There’s a lot going on behind the scenes, and [MOOCs] are sort of like a tidal wave where underneath there’s all this action occurring, and you may not see the surface until it actually hits the shore.
Barbara Oakley 

MOOC-Maker 2017 Conference via Class Central
The MOOC-Maker 2017 conference aims to be “the reference MOOCs conference for Latin America.” It will be held on November 16–17 in Guatemala. Class Central will be there.

Andrew Ng Returns via Class Central
Six years since he launched his first MOOC, Coursera Co-Founder Andrew Ng returns with new Deep Learning MOOCs and a Deep Learning Specialization. Read the in-depth review of the first course of the Specialization; the review was written by prolific MOOC-taker Greg Hamel.

K-MOOC via Class Central
We take a look at Korea’s official MOOC platform, K-MOOC. Class Central conducted an email interview with Dr Heon Joo Suh to learn more about K-MOOC. He is a director at the K-MOOC planning office.

NO JOB GUARANTEE via Class Central
Udacity seems to be moving away from the monthly subscription pricing, and from two of its popular programs: 50% tuition refund and job guarantees. The newer Nanodegrees are also fixed price.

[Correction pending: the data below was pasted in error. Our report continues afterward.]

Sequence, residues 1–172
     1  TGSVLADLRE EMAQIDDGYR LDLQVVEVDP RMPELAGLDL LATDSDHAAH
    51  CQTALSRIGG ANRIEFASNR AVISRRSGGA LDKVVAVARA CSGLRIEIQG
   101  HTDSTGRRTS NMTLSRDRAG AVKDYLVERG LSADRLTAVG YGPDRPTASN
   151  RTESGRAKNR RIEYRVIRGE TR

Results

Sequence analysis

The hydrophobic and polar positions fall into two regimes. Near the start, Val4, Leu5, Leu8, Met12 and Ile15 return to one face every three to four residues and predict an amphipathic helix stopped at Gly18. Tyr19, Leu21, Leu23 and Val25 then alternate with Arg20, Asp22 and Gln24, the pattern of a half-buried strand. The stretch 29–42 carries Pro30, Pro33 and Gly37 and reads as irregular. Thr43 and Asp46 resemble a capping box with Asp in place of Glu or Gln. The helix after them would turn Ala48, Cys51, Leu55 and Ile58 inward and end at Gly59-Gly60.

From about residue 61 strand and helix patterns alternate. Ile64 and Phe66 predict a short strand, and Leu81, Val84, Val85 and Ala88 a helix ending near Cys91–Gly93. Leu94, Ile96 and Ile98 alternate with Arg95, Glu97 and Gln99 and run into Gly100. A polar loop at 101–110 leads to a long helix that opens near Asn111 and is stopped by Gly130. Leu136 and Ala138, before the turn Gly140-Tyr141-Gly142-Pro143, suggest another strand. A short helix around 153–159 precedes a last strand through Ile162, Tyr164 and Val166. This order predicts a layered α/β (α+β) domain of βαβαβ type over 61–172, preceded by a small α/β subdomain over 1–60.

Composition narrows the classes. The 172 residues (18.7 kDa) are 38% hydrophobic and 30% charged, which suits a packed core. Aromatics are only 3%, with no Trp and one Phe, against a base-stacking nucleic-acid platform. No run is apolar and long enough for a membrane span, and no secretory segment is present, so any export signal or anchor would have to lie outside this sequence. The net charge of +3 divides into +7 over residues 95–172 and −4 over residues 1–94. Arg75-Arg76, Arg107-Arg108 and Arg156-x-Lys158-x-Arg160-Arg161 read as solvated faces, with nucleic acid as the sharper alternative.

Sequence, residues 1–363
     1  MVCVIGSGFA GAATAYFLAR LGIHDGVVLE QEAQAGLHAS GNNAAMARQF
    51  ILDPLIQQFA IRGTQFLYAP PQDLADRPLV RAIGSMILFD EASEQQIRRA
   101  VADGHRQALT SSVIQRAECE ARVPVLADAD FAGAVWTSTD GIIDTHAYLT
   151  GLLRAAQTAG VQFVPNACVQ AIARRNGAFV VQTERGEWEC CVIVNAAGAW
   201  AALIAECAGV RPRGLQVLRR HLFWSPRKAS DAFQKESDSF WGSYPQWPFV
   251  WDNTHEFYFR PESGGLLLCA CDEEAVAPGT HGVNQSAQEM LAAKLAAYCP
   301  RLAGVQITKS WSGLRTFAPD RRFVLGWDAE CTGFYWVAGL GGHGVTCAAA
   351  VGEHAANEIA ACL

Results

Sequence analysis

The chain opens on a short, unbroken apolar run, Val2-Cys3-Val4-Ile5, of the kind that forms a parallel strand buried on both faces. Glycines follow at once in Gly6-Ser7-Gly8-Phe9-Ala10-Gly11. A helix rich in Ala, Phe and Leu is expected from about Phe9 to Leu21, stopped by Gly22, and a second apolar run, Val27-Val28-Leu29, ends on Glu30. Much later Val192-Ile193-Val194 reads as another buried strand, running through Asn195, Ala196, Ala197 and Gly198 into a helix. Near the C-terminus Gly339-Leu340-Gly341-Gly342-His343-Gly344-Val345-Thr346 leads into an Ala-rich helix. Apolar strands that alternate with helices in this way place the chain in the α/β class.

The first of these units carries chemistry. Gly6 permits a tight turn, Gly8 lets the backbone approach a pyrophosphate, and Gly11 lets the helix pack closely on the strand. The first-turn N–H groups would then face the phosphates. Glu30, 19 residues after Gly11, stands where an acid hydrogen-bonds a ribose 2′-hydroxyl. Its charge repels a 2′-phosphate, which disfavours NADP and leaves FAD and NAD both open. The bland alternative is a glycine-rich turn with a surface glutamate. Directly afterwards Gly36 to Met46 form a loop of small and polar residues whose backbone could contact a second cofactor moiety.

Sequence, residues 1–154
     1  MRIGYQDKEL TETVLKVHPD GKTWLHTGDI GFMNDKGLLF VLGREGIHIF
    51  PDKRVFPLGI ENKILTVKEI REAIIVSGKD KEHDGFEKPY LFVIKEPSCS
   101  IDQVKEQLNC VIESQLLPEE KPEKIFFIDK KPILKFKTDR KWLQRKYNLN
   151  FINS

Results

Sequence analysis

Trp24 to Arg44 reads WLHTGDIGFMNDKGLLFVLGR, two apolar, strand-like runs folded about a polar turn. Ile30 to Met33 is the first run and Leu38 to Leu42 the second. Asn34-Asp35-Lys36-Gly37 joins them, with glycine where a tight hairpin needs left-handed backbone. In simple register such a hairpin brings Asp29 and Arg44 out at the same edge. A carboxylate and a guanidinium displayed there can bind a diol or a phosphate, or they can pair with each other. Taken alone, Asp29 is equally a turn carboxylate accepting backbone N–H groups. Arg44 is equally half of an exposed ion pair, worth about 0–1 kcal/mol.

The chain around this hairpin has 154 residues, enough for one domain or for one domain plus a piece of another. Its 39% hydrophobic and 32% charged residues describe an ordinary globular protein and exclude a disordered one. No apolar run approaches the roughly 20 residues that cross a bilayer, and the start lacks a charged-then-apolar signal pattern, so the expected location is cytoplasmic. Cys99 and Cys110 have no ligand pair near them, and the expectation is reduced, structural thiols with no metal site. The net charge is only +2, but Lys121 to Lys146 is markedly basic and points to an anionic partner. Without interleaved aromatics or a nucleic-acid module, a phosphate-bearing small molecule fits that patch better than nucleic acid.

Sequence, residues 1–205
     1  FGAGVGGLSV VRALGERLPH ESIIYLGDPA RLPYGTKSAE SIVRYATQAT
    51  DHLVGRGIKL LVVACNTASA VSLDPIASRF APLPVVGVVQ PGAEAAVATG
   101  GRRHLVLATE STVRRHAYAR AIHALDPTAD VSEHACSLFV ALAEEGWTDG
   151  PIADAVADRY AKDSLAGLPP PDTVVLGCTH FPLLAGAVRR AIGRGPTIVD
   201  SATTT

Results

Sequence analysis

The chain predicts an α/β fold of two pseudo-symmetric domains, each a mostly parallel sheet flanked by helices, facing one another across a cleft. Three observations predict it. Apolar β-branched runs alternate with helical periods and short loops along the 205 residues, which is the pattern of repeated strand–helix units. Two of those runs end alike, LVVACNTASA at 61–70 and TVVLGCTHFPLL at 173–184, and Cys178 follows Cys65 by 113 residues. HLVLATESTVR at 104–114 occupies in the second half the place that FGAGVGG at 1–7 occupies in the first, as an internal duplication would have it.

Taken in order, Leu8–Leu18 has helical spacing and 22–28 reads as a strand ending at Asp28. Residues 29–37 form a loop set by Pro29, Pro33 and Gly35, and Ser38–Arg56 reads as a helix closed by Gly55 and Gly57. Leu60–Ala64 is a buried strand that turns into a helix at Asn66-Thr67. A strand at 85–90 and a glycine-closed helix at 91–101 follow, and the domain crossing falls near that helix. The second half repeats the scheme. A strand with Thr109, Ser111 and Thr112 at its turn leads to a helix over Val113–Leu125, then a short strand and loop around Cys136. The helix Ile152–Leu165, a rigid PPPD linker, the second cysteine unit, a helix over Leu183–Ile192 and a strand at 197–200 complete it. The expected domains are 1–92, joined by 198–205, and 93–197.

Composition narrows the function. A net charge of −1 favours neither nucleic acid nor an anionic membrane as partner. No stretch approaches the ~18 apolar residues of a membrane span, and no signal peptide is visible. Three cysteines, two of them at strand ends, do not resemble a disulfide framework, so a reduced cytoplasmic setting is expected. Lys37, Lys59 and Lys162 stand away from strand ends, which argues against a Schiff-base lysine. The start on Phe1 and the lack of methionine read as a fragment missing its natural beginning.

Udacity's pricing

Tom Willerer, Chief Product Officer at Coursera left the company after four years to join a VC firm. Lila Ibrahim, who came to Coursera from a VC firm also left after six years. At Coursera she held the following roles: President, Chief Business Officer, and COO. Early this year in June, Jeff Maggioncalda joined Coursera as it’s new CEO and maybe Coursera is undergoing a leadership change.

LIVE EDUCATION via eLearningInside
Irish-based online education startup Shaw Academy is raising £2.2 million through crowdfunding at a valuation of £83 million. The startup claims to have four million students. Their main differentiation is that the courses are live and interactive, though when I tried one of their “live webinars” it was clearly pre-recorded and played at a specific time.

Coding Bootcamp Flatiron School had an interesting last few days. First, the New York Attorney General fined them $375,000 for operating without a license and misleading claims. Then they got acquired by WeWork, a startup that offers co-working space. WeWork is valued at a staggering $20 billion.

Picture showing typing !moocs into DuckDuckGo

!MOOCS via Class Central
Type !moocs in the DuckDuckGo search engine to search on Class Central.

Kadenze, an arts-focused MOOC platform, has doubled its subscription prices from $10/month to $20/month. FutureLearn has launched completely paid courses for the first time. And finally, two popular Coursera professors share their take on Coursera’s monetization changes.

LEARNER TIPS via Class Central

Here are some tips from two prolific MOOC takers: